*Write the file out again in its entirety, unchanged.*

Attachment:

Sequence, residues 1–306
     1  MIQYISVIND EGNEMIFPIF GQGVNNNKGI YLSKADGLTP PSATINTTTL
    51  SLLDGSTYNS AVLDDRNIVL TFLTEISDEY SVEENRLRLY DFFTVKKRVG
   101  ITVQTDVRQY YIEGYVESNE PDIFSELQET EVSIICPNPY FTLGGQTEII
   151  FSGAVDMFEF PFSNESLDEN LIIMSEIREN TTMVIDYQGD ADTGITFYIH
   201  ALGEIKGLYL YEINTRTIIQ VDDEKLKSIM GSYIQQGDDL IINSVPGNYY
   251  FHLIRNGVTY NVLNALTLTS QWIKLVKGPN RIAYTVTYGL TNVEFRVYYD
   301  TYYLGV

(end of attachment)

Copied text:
Sequence, residues 1–306
     1  MIQYISVIND EGNEMIFPIF GQGVNNNKGI YLSKADGLTP PSATINTTTL
    51  SLLDGSTYNS AVLDDRNIVL TFLTEISDEY SVEENRLRLY DFFTVKKRVG
   101  ITVQTDVRQY YIEGYVESNE PDIFSELQET EVSIICPNPY FTLGGQTEII
   151  FSGAVDMFEF PFSNESLDEN LIIMSEIREN TTMVIDYQGD ADTGITFYIH
   201  ALGEIKGLYL YEINTRTIIQ VDDEKLKSIM GSYIQQGDDL IINSVPGNYY
   251  FHLIRNGVTY NVLNALTLTS QWIKLVKGPN RIAYTVTYGL TNVEFRVYYD
   301  TYYLGV